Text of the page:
In this issue, Dr. Bhatt speaks with David P. Faxon, MD, vice
chair of medicine for strategic planning at the Brigham and Women’s
Hospital, Boston and Cardiology Today Intervention Editorial Board
||David P. Faxon
||Deepak L. Bhatt
A graduate of the Boston University School of Medicine, Faxon has been
deeply involved with intervention since it first began to take form in the late
1970s and was one of the first in the United States to offer coronary
angioplasty in his laboratory. Since then, he has maintained an active career,
serving as president of the American Heart Association; president of the
Society for Cardiovascular Angiography and Interventions; and currently as the
president-elect of the Vascular Disease Foundation.
What was the defining moment that led you to your field?
I would say without a question that it was in 1978 when I was at the AHA
meeting and went to a poster presentation by a young Swiss physician named
Andreas Gruentzig, MD, who was presenting a dog study. He had put a
stenosis in the left anterior descending artery of a dog and then put a balloon
catheter in the coronary artery and blew it up and restored flow, demonstrating
the feasibility of balloon angioplasty for coronary disease. It was an
astounding moment because previously it was taught that you don’t stick
anything into the coronary artery intentionally because you’re going to
cause great harm. That was pretty exciting.
Subsequently, I went to his second course in 1979, and around that time
30 angioplasties had been done worldwide. So that was a remarkable time and
period for cardiology and was a defining moment that led me to become an
interventional cardiologist, which I’ve considered myself ever since.
Who has had the greatest influence on your career?
I think it has really been Thomas Ryan, MD, who I view as my
mentor. He was my chief of cardiology [at Boston University] when I was
training and we’ve been long friends ever since. He’s helped direct
my career and given me sage advice over the years.
What advice would you offer a student in medical school today?
There are two things I would and do say to them. One: Do what you like,
not what is necessarily popular, or where there’s peer pressure or more
job security. It’s much more important to choose what you find exciting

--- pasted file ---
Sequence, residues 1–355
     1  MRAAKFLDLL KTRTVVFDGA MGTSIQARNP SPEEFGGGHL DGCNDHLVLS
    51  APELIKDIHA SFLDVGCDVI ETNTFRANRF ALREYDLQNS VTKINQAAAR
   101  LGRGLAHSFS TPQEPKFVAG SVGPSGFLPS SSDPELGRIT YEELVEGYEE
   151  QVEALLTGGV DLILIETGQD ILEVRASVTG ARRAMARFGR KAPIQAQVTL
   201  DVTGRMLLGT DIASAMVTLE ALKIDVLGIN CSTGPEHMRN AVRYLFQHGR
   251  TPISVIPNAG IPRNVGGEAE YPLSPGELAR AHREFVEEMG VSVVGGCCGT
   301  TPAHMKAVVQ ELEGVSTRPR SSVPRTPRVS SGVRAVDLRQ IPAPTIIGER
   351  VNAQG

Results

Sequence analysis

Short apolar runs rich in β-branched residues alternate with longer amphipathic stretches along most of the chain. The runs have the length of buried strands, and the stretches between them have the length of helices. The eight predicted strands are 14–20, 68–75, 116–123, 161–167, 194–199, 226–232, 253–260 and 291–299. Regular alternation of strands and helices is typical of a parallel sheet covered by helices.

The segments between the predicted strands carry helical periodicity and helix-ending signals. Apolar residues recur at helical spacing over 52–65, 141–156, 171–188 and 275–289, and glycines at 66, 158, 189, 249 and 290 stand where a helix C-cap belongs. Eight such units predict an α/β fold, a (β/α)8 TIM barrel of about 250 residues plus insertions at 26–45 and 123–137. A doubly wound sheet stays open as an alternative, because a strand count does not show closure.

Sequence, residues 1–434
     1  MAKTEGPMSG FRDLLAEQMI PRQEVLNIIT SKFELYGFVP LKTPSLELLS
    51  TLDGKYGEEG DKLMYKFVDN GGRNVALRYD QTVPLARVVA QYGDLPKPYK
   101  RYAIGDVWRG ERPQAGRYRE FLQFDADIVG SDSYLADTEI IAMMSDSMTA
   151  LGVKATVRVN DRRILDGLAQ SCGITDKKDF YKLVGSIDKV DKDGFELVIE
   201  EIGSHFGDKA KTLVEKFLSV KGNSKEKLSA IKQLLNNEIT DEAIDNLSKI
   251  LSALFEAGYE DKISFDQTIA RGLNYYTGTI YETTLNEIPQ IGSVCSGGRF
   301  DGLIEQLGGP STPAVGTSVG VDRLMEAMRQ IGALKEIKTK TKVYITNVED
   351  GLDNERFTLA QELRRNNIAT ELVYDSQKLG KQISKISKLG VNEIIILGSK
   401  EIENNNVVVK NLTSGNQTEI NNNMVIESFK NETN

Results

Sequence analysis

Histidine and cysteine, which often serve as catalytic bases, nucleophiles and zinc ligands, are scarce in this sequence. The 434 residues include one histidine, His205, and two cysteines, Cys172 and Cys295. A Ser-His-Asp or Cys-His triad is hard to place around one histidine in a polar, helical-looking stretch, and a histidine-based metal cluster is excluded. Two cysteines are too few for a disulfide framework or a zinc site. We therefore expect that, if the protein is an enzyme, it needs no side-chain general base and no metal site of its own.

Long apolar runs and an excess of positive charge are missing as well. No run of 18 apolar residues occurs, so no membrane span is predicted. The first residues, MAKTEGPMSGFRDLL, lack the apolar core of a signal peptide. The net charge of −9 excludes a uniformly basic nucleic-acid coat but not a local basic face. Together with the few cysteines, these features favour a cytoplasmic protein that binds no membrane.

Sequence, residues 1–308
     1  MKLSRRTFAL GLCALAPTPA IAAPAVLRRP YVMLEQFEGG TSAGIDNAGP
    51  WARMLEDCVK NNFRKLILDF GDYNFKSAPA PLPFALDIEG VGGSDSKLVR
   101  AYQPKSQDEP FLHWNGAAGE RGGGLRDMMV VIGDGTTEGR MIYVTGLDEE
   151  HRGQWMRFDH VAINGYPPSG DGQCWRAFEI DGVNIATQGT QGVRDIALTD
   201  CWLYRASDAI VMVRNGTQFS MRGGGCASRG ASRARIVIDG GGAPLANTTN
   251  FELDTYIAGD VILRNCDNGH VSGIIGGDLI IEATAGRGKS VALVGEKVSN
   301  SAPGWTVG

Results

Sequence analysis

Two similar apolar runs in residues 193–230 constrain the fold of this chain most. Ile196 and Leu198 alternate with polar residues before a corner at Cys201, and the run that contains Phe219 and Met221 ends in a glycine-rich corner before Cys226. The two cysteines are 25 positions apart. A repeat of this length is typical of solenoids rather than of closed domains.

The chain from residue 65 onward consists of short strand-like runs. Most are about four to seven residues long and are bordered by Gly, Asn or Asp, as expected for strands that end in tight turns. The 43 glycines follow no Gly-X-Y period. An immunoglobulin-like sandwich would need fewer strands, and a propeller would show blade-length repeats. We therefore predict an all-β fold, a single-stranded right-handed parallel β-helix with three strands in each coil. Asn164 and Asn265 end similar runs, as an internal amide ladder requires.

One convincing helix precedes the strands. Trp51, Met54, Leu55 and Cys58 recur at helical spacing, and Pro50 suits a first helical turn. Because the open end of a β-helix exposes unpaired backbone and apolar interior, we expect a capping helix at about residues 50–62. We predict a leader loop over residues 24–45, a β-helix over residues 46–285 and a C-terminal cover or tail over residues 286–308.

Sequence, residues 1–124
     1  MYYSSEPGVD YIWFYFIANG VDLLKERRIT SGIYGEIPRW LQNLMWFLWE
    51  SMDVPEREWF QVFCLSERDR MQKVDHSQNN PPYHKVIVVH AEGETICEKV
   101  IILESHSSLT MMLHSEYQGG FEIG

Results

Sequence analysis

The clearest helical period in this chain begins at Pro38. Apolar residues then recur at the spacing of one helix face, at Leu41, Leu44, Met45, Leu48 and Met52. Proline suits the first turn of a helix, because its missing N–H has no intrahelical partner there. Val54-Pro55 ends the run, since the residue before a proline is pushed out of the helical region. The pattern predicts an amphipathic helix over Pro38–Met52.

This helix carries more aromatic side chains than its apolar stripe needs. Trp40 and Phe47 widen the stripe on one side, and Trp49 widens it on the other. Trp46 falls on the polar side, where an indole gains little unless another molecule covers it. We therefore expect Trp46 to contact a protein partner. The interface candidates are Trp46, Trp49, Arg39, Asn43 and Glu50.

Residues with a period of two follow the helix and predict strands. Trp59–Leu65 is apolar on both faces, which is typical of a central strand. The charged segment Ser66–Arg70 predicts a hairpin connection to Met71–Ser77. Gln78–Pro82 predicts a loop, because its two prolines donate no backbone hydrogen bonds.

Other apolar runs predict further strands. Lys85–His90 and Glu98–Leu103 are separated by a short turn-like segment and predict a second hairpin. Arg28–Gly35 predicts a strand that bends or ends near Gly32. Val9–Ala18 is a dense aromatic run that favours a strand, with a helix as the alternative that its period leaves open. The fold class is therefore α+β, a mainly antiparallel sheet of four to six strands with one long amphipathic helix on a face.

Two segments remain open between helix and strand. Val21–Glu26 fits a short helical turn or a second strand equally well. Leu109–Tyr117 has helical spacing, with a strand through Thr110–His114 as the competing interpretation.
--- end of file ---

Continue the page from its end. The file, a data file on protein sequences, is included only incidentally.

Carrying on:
and interesting because you’re going to spend the rest of your life doing
it. I find that students often make decisions based upon job availability, and
that’s always a very bad decision.
The second piece of advice is to get a mentor, and get one early. A
mentor is not an adviser specifically. It is not a superior, nor a program
director. It is somebody who has your interests in mind, is unbiased and wants
to help you, and someone you can confide in. It is an incredibly important
person to help guide you through the rest of your career. A lot of students
feel uncomfortable talking to somebody or getting advice about what the
important decisions in their lives. I think everybody needs a mentor.
Have you ever been fortunate enough to witness or to have been part of
medical history in the making?
Aside from the Gruentzig experience, in the early 1970s I was fortunate
enough to have the chance to work with Harry Gavras, MD. At this time I
had finished my training and he was investigating the renin-angiotensin system
and wanted to test out a new drug, a chemical compound that had been extracted
from a South African snake. The snake venom inhibited the renin-angiotensin
system, through inhibition of ACE. It had been studied in hypertension, but we
studied it in a patient with congestive HF. That was the first demonstration
that ACE inhibitors improve congestive HF. Now, of course, it is the standard
of care. It was a pretty exciting moment.
What do you enjoy doing to relax?
I would say sitting on the beach and looking at the waves with a drink
in my hand and listening to a little jazz.